The island has ideal conditions for cool climate winemaking, with its warm summers, lean soils, and lengthy, mild autumns. The soils are predominantly clay, rich in iron and manganese oxides, and overlays ancient weathered rock. Wind and soil create a low vigour growing environment where grape vines struggle and produce small but concentrated yields of ripe fruit with intense flavours.
The surrounding warm sea currents boost the temperature of the island by up to 2 degrees centigrade, while the afternoon sea breezes reduce the effects of excessive heat buildup, giving Waiheke Island one of the world's lowest diurnal temperature ranges for growing winegrapes. Waiheke's warm days (up to 32 degrees C) and mild nights maintain the amount and duration of temperature required to respire away both malic acid and methoxypyrazine.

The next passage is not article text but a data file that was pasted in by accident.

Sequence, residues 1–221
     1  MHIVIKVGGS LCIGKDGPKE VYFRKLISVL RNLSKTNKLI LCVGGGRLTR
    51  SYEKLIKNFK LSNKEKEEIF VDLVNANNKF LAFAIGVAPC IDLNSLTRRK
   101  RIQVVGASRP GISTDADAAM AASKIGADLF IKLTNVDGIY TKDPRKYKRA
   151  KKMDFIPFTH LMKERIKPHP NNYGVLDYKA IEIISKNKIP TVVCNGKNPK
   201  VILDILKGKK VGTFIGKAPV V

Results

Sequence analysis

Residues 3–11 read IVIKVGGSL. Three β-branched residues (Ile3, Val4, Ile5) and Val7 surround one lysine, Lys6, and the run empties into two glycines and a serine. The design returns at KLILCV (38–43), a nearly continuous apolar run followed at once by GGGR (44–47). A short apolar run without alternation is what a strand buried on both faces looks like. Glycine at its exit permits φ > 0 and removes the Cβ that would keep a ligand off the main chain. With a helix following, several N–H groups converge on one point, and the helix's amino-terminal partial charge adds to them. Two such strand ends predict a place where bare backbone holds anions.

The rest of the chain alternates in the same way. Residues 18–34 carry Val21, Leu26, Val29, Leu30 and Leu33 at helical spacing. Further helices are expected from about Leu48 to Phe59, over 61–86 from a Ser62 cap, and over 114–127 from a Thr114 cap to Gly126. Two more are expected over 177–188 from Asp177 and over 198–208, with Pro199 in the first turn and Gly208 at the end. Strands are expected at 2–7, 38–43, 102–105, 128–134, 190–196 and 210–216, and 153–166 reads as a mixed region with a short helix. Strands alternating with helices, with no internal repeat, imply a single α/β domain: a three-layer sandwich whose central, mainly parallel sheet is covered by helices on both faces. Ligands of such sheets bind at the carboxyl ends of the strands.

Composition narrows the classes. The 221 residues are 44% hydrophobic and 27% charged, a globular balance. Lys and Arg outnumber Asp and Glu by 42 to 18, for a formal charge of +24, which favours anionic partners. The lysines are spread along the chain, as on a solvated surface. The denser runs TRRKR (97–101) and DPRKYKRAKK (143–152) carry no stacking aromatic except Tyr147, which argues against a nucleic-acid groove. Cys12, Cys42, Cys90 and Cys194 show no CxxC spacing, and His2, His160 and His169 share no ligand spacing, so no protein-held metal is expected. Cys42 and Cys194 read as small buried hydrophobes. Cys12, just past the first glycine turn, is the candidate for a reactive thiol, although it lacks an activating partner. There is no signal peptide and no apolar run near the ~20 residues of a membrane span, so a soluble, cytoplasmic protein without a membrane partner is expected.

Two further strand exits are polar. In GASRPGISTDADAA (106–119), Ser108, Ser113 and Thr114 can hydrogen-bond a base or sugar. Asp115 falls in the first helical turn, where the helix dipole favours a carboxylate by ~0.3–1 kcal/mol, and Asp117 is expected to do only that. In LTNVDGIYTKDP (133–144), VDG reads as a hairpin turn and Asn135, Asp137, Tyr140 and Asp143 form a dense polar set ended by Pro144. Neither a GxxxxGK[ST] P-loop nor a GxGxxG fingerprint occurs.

The island also has a few other features that help give Obsidian's wines an individual stamp. The steep slopes on which our vines are planted concentrate the heat of the sun, maximise ripeness and promote drainage.
Terroir & Place
Vines are planted in a complex array of aspects, including
- Block 1 (NW)
- The Ridge (NE)
- The North Face (NE)
- The Saddle (a knoll with aspects from NE – SW)
- All vines are on steep slopes ranging from 10 degrees to 35 degrees – no flat areas or south facing slopes
- An amphitheatre-like valley with significant shelter given by the surrounding hills from the west, south and north.
Viticulture & Winemaking
- Unique row configuration of alternate narrow spacing allows greater vine density on steep slopes
- Reflective foil is used for premium late ripening varieties to give more even and intense heat and light from the veraison phase through until harvest
- Vine management is done by hand as is all harvesting.
- Michael Wood is the Vigneron – An ideal situation bringing together the growing and winemaking.
- Currently planted: Cabernet Sauvignon, Merlot, Cabernet Franc, Malbec, Petit Verdot, Montepulciano, Syrah, Tempranillo, Viognier, Chardonnay. Chardonnay and Pinot Gris are brought in from another site on Waiheke Island.